15 of 15 people found the following review helpful By Luc REYNAERT on January 3, 2004
Format: Paperback Verified Purchase
Another reader has already given an excellent summary of this book. I would like to stress only some important points in my comment.
One should have a rather good knowledge of basic algebra, statistics, botany and biology to fully understand this book.
This is a key text about Darwinism. Its influence cannot be overestimated, as show a few excerpts hereafter: 'there is nothing in the basic structure of the theory of natural selection that would suggest the idea of any kind of cumulative progress' and 'Evolution was a by-product of the maintenance of adaptation'.
These sentences are cornerstones of today's theories on Darwinism (see the works of the late S.J. Gould or Richard Dawkins).
In a cool style, but with compelling arguments, the author wipes the floor with his opponents' theories about group adaptations, instead of adaptations on the individual level.
He also stresses the fundamentally different roles of male and female mammals for the production of offspring and the evolutionary impact of female choice.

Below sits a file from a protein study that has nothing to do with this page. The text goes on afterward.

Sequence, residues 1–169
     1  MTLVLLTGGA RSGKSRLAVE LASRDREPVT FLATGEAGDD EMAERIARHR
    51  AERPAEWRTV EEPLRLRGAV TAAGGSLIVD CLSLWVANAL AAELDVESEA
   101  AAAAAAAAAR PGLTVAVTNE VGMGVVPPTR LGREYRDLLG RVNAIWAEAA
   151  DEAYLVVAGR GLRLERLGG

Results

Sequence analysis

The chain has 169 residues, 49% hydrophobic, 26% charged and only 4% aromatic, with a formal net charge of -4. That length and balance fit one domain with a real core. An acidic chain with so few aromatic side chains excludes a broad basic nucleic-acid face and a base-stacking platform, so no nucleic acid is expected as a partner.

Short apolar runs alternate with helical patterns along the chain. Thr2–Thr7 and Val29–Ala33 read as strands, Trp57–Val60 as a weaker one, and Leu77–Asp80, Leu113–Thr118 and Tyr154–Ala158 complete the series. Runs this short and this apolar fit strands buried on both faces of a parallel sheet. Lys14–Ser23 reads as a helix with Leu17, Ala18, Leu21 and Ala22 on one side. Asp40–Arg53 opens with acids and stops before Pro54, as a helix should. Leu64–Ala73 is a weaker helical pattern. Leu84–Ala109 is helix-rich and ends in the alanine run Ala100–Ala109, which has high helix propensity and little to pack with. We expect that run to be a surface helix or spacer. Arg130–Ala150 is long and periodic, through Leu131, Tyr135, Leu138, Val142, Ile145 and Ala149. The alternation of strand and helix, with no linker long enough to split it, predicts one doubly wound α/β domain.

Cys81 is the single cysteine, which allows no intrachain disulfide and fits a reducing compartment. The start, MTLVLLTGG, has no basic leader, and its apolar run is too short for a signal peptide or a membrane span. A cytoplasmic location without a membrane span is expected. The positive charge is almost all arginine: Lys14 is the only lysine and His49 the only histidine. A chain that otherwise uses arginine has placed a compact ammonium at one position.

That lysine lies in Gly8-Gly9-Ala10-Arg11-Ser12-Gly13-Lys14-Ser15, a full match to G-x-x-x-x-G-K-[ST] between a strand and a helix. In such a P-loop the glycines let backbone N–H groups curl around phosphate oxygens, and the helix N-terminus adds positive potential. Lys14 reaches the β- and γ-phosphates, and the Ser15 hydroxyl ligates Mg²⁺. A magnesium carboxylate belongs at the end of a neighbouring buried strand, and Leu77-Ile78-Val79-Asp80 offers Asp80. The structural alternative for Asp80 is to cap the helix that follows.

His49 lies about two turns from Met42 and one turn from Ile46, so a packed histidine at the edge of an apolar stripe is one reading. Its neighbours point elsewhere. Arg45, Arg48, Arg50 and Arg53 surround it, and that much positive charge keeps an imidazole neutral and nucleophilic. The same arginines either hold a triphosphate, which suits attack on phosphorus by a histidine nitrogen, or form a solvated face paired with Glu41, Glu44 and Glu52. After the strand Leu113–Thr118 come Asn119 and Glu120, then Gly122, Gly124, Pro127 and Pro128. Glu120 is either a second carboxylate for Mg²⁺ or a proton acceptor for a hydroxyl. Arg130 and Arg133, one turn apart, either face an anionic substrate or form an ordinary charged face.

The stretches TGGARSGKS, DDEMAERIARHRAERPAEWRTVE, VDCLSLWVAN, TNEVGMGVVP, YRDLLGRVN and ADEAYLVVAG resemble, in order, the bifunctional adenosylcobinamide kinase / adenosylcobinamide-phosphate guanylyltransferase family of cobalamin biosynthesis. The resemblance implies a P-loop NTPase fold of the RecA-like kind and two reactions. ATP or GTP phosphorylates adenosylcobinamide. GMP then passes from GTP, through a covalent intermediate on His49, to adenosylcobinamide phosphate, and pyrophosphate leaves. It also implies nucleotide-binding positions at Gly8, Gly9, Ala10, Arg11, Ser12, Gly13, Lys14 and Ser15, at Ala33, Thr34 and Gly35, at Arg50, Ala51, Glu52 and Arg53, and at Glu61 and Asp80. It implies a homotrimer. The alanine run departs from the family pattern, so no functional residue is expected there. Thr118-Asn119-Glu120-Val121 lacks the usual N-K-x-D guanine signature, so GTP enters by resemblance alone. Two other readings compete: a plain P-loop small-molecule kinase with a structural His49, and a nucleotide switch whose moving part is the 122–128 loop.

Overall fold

But there is more: (adapted sentence)'If some organisms were not entirely self-seeking, they, and Nature in general, would be more ethically acceptable. In most theological systems it is necessary that the creator be benevolent and that this benevolence is shown in his creation. If Nature is found to be malicious or morally indifferent, the creator is presumably too. For many, peace in mind might be difficult with the acceptance of these conclusions, but this is hardly a basis for making decisions in biology'.
This sentence is still today too big a swallow for the moral elite, unable to comprehend their own Darwinian behaviour and unable to think about the fact that 'natural selection, albeit stupid, is a story of unending arms races, slaughter and suffering' (G.C. Williams in 'Plan and Purpose in Nature').